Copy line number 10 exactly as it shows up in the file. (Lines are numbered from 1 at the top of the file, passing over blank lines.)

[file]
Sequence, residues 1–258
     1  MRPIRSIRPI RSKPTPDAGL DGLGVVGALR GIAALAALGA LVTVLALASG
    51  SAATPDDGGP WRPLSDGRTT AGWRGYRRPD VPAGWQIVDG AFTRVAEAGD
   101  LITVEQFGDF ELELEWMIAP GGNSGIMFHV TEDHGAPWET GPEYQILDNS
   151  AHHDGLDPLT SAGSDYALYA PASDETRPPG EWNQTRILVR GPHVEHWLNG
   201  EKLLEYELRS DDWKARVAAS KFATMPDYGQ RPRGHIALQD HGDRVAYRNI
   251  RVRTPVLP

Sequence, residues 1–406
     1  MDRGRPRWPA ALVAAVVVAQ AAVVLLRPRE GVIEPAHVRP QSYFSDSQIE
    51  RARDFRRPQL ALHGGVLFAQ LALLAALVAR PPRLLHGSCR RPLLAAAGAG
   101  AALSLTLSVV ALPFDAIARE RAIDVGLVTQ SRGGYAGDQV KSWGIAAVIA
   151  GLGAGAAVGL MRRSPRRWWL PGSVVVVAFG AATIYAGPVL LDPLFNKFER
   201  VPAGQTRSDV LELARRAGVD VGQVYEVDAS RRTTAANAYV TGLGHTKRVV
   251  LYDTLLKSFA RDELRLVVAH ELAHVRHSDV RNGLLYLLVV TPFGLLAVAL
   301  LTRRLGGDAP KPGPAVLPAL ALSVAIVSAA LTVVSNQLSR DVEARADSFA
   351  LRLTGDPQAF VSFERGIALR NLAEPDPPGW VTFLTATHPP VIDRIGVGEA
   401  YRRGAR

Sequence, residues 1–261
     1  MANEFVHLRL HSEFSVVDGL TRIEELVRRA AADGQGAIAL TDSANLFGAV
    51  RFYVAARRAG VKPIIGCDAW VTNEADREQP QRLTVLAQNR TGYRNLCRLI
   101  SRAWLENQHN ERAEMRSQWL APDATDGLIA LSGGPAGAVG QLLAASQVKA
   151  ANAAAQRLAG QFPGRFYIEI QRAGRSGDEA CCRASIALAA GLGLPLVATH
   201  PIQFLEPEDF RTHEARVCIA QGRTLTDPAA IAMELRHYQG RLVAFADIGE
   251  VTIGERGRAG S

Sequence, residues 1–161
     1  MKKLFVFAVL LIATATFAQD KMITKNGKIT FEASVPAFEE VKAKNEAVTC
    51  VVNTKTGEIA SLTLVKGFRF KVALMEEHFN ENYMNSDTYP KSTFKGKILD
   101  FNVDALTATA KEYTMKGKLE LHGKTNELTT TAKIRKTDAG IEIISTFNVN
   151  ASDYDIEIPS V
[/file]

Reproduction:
    51  RARDFRRPQL ALHGGVLFAQ LALLAALVAR PPRLLHGSCR RPLLAAAGAG